Pustilnikov strikes again with ‘builder’s remedy’ in Beverly Hills
16-story project filing comes after flurry of applications in Santa Monica
The builder’s remedy debacle has landed in the elite city of Beverly Hills.
After Santa Monica failed to present the state with a new housing plan in time, developers flocked to submit a flurry of so-called “builder’s remedy” projects. Under state law, these projects do not require any approval from city council or planning commissions: in other words, they, in theory, get an automatic greenlight if 20 percent of the units are classified as affordable.
Now, L.A. developer Leo Pustilnikov has submitted a builder’s remedy project in the city of Beverly Hills — a 16-story development with 200 units, according to a copy of the application obtained by TRD. It’s the only builder’s remedy project the city has received to date, a city spokesperson said.
It’s not Pustilnikov’s first dalliance with builder’s remedy — earlier this year, the developer filed a builder’s remedy project to build 2,300 residential units in Redondo Beach, after that city also failed to produce a state-approved housing plan and fell out of compliance. That project is likely to face more scrutiny, given it falls in the purview of the California Coastal Commission.
In Beverly Hills, Pustilnikov filed an application to build a roughly 260,000-square-foot development in the Golden Triangle at 125 Linden Drive, on the corner of Wilshire Boulevard. The developer bought the site — part of which is vacant, the other part a parking lot — for $16 million in 2019, records show.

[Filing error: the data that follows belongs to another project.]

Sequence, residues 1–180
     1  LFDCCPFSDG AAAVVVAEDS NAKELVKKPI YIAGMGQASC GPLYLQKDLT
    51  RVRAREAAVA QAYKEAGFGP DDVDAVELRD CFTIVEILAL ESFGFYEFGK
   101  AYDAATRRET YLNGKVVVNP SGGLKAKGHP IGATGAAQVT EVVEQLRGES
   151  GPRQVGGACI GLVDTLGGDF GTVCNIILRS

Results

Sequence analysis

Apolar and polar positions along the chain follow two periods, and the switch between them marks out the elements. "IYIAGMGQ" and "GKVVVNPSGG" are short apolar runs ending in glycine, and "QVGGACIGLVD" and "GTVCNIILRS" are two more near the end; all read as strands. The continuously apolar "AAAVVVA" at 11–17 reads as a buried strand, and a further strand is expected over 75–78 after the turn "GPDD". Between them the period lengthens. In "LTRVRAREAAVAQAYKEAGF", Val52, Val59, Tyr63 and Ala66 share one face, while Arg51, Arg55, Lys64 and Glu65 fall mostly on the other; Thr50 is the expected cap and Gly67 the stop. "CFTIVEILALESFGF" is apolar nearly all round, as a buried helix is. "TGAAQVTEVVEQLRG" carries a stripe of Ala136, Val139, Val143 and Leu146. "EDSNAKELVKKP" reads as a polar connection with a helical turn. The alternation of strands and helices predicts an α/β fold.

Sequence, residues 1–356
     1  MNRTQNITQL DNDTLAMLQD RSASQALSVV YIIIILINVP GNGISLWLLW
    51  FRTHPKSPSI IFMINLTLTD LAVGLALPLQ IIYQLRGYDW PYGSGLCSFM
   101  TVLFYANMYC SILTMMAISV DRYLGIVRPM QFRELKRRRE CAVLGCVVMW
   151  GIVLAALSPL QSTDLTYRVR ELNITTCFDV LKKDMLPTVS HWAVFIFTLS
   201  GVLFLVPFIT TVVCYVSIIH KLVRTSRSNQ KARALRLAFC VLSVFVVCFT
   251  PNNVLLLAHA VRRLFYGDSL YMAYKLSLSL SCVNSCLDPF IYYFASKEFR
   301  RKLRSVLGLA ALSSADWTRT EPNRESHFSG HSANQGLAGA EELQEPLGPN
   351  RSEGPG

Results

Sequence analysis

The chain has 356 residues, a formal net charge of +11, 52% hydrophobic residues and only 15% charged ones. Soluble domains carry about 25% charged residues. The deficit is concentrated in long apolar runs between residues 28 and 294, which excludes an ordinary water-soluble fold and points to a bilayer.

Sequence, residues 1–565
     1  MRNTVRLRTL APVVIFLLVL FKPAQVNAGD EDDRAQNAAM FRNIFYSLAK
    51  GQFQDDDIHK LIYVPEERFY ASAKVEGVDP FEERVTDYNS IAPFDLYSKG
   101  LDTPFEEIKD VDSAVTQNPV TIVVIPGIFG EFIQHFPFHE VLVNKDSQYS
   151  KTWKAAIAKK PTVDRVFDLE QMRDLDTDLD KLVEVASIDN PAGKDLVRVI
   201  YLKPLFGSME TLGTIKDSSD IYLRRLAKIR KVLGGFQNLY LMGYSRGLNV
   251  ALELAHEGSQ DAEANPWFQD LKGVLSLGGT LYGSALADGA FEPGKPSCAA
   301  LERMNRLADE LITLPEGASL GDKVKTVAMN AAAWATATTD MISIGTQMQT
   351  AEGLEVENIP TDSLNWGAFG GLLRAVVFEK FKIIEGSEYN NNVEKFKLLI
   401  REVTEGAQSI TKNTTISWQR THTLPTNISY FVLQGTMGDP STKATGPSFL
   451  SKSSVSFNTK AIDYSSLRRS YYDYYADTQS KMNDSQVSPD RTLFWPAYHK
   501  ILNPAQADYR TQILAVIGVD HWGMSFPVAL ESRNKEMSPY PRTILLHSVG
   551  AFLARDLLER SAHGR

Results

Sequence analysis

Under state law, builder’s remedy projects do not have to face approval or discussion and “bypass zoning codes,” as long as 20 percent of the proposed units are designated as affordable and the state has not approved a housing plan, according to a UCLA Luskin School of Public Affairs analysis.
Beverly Hills is at least the third Californian city to face the builder’s remedy repercussions. In January, the California Department of Housing and Community Development denied Beverly Hills’ housing element plan — a state mandate that requires cities to outline specific housing goals and objectives.
More than 120 jurisdictions in L.A., Orange, Riverside, San Bernardino and Imperial counties have housing plans that have yet to be approved by the state, according to the L.A. Times. San Francisco is also at risk of entering noncompliance.
California’s Department of Housing and Community Development did not respond to a request for comment, but confirmed to the Los Angeles Times earlier this week that Beverly Hills’ latest housing plan has still not yet been approved by the state, putting it in noncompliance.
Projects could still be challenged under the California Environmental Quality Act, or face other legal challenges. The city of Santa Monica has hired attorneys to help fight the builder’s remedy projects, though it’s unclear what avenues they have to block them.
Pustilnikov, who owns the AES power plant in Redondo Beach, also did not respond to a request for comment.